C

pk

U

C alternative process capability index

pm

C process capability fraction (PCF)

R

d constant based on subgroup size, n (see ISO 7870-2)

2

e Eulers’s number (approximately 2,718), mathematical constant

Φ distribution function of the standard normal distribution

γ location parameter in a Weibull distribution

γ coefficient of skewness

1

m number of subgroups

K , K multipliers for estimating the confidence limits for a process capability index

l u

L lower specification limit

© ISO 2016 – All rights reserved 1

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ISO 22514-4:2016(E)

P lower 0,135 % percentile

0,135 %

μ location of the process; population mean value

N total sample size

n number of values or subgroup size (for a control chart)

P α percentile

α %

p lower fraction nonconforming

L

P process performance index

p

P minimum process performance index

pk

lower process performance index

P

pk

L

upper process performance index

P

pk

U

p total fraction nonconforming

t

p upper fraction nonconforming

U

P upper 99,865 % percentile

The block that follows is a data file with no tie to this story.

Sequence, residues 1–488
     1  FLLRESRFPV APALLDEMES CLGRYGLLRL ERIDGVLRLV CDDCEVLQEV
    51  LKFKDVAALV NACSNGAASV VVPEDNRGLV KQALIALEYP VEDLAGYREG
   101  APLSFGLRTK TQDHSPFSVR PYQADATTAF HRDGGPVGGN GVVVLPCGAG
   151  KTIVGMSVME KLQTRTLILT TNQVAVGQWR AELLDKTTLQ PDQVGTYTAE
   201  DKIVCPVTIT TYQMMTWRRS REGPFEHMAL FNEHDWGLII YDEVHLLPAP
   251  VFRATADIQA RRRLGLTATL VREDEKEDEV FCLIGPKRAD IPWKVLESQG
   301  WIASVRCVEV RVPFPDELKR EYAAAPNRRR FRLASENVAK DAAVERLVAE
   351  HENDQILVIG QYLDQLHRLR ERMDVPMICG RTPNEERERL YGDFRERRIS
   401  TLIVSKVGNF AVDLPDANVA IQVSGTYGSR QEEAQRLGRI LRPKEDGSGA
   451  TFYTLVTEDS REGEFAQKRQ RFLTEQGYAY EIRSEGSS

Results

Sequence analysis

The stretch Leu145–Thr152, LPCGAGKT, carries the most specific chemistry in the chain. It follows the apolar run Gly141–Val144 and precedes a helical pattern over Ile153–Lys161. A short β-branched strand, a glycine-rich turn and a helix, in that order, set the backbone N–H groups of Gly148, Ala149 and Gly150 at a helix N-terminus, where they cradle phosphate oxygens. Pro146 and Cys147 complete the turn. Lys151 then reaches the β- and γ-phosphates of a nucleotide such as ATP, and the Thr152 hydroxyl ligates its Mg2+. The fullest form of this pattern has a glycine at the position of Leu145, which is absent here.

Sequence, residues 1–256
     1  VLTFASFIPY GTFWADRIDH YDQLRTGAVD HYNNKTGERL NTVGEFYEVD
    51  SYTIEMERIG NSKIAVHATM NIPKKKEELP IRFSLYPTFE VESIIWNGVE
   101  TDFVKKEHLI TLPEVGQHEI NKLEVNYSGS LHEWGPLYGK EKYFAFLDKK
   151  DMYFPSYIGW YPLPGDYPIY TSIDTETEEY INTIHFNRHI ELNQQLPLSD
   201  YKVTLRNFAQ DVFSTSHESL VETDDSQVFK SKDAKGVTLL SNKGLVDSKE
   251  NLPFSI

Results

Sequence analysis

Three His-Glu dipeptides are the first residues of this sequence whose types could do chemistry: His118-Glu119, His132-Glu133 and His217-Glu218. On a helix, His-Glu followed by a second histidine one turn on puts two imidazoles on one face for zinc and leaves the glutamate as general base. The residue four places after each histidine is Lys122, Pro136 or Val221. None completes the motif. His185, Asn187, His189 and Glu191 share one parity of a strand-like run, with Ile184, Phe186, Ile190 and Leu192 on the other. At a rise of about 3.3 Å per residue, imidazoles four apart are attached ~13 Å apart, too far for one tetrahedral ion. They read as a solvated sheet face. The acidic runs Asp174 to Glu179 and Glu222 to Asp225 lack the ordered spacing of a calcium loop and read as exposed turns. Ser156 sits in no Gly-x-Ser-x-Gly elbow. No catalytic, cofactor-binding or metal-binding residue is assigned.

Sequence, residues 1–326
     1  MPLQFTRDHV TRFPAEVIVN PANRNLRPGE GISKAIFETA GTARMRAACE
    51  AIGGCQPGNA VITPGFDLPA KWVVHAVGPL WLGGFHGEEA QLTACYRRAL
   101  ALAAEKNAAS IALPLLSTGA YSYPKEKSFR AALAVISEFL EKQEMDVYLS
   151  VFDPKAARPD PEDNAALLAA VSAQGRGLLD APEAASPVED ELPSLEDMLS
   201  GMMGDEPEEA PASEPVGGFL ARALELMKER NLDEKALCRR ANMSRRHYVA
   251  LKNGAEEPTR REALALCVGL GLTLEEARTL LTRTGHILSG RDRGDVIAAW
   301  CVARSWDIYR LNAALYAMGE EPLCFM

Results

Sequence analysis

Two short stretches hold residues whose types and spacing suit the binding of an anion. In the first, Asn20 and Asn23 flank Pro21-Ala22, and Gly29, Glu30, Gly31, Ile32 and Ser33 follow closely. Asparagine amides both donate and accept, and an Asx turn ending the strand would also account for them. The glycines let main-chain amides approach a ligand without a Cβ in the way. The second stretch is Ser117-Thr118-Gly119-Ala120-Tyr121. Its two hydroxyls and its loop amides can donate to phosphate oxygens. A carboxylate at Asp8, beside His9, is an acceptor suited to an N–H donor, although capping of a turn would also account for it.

99,865 %

π geometric constant

Q process variation index

k

θ parameter required for the Rayleigh distribution

average subgroup range

R

S standard deviation, sample statistic

S standard deviation, with the subscript ‘t’ indicating total

t

average sample standard deviation

S

th

S observed sample standard deviation of the j subgroup

j

σ standard deviation, population

estimated standard deviation, total

ˆ

σ

t

T target value

U upper specification limit

X α % percentile

α %

th

X i value in a sample

i

arithmetic mean value, sample

X

arithmetic mean, of a number of sample arithmetic means

X

2 © ISO 2016 – All rights reserved

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ISO 22514-4:2016(E)

ξ scale parameter in a Weibull distribution